“Anybody can do a podcast. The difference with what we do at WORT – and I think it’s an important one – is that we have a space where people come together and cross-fertilize and share ideas and bounce things off each other,” Stockwell says. “That’s the dynamic space of a community radio station that is now becoming a community media center in a lot of ways because of all these new technologies.”
It’s quite understandable that Stockwell is almost synonymous with daily happenings at the community radio station. If there is a staff meeting, Stockwell will be there. When a printer goes on the fritz, Norm knows about it. Almost anything administrative that is not volunteer coordination, fundraising or programming, Stockwell acts and delegates on. This endless array of responsibility encompasses maintenance, finances, legal compliances, and engineering. It’s a busy job coordinating at WORT and he has been at it for over 20 years.
Stockwell’s story began on the south side of Chicago. In a culturally diverse and busy atmosphere, he grew up socially conscious of the atmosphere that Chicago offered. Stockwell has been an activist his entire life and advocating for more inclusive communities. A key moment in my early activism history was marching in the streets of Chicago in 1966 during the Chicago Freedom Movement and singing “We Shall Overcome” with Dr. Martin Luther King Jr.
“To me, marching down the street in Chicago all singing the same song was a powerful, moving, and life-changing experience. It definitely set me on the road to where I am today,” Stockwell says. “I came to this work because of an understanding and belief in the power of culture to communicate ideas and to work for social change for a just and peaceful world.”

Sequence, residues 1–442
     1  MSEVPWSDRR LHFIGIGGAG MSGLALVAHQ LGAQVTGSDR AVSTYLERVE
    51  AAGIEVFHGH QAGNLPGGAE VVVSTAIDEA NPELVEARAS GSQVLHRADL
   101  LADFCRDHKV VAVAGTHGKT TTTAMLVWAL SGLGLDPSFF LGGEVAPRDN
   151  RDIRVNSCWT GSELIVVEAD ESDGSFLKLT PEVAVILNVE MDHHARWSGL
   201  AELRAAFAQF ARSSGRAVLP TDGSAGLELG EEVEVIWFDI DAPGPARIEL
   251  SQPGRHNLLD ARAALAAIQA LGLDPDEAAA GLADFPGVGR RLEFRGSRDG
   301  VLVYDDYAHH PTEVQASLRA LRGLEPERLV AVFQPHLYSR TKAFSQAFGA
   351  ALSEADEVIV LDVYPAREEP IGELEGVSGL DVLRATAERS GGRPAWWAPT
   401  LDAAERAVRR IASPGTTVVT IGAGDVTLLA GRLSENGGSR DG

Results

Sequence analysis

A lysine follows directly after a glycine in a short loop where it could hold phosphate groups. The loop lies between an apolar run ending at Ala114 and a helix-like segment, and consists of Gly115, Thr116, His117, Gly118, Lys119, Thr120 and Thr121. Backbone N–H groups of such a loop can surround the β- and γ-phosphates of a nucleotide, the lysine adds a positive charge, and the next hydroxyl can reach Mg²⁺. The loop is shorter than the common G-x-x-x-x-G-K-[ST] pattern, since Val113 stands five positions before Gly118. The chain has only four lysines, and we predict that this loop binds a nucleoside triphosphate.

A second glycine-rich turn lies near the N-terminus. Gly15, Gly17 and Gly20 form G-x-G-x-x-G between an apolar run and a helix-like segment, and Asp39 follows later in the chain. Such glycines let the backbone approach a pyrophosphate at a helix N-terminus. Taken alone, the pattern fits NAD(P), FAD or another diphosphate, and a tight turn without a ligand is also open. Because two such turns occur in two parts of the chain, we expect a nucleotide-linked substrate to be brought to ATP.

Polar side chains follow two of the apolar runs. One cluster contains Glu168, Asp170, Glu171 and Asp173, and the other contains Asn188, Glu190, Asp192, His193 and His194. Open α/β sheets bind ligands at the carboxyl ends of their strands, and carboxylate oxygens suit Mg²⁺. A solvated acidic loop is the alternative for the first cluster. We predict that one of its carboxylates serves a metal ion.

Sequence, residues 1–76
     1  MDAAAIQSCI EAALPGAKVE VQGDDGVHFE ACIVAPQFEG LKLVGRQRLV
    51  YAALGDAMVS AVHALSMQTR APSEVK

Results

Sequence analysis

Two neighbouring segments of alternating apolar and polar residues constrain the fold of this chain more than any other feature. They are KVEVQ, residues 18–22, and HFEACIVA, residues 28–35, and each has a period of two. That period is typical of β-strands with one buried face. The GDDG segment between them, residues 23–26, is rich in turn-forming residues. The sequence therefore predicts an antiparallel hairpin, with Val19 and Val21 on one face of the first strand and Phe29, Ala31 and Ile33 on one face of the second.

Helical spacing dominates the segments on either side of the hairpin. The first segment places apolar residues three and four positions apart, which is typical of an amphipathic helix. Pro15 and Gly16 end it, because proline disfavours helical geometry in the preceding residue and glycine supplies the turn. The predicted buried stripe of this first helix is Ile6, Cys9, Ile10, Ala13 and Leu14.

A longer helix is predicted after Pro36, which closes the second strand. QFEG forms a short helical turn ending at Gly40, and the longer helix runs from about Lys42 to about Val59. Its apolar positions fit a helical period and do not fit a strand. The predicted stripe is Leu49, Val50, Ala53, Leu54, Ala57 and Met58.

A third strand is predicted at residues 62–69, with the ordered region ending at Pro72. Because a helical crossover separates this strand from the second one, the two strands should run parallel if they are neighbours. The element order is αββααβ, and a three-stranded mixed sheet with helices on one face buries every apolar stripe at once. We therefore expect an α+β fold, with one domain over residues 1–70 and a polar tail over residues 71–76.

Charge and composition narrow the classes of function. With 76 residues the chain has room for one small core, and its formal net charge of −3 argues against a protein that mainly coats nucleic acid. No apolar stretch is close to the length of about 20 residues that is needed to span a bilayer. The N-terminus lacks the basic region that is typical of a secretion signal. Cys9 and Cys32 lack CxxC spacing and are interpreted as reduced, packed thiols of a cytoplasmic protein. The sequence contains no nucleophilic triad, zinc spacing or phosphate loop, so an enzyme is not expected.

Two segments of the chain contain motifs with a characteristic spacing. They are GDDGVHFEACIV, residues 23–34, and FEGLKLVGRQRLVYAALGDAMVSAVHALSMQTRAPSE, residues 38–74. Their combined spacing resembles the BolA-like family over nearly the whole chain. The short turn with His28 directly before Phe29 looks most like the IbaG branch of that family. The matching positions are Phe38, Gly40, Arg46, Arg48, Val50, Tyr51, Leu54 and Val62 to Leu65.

When Norm first arrived at WORT in August of 1983, he wasn’t on the payroll. Norm was running a folk music school at the time. He came to WORT lending his expertise on the folk music scene as a volunteer. Norm recalls how his experiences as a volunteer evolved into a coordinating job.
“I started doing the folk music school and then I started doing folk music programming [at WORT] and then I kind of drifted into doing news stuff and public affairs and then went into doing engineering and administrative kind of stuff and then I got hired in June of 1995,” he remembers.
“I believe that folk music represents the hopes, dreams, and aspirations of the everyday working people in the United States,” Stockwell adds. “That’s how I ended up here.”
As an integral part of WORT Madison’s only community radio station, Stockwell considers himself a man in a position to help the community give themselves the tools they need to play their part. Their part can be delivering the news from a community member’s mouth or a volunteer Disc Jockey radio hour playing gospel in a city where gospel isn’t mainstream. The community members’ insight and inspiration power the community radio station and the radio station enriches people’s lives by overcoming the boundaries that geography has created. WORT’s radio signal covers a 50-mile radius that keeps the population in touch with its neighbors.
“In the movie Manufacturing Consent, which came out a couple of decades ago now, Noam Chomsky is talking about how you can tell a town that has a community radio station because people are more informed and connected to issues and I think certainly that WORT has played that role in our community over it’s four decades of existence,” Stockwell says.
“We are really pleased at the support the station has received over the years from the community – both individual listener sponsors and local businesses that have sponsored us over the years,” he adds. “Looking to the future, we hope to keep being able to grow and expand in the service that we provide for the community.”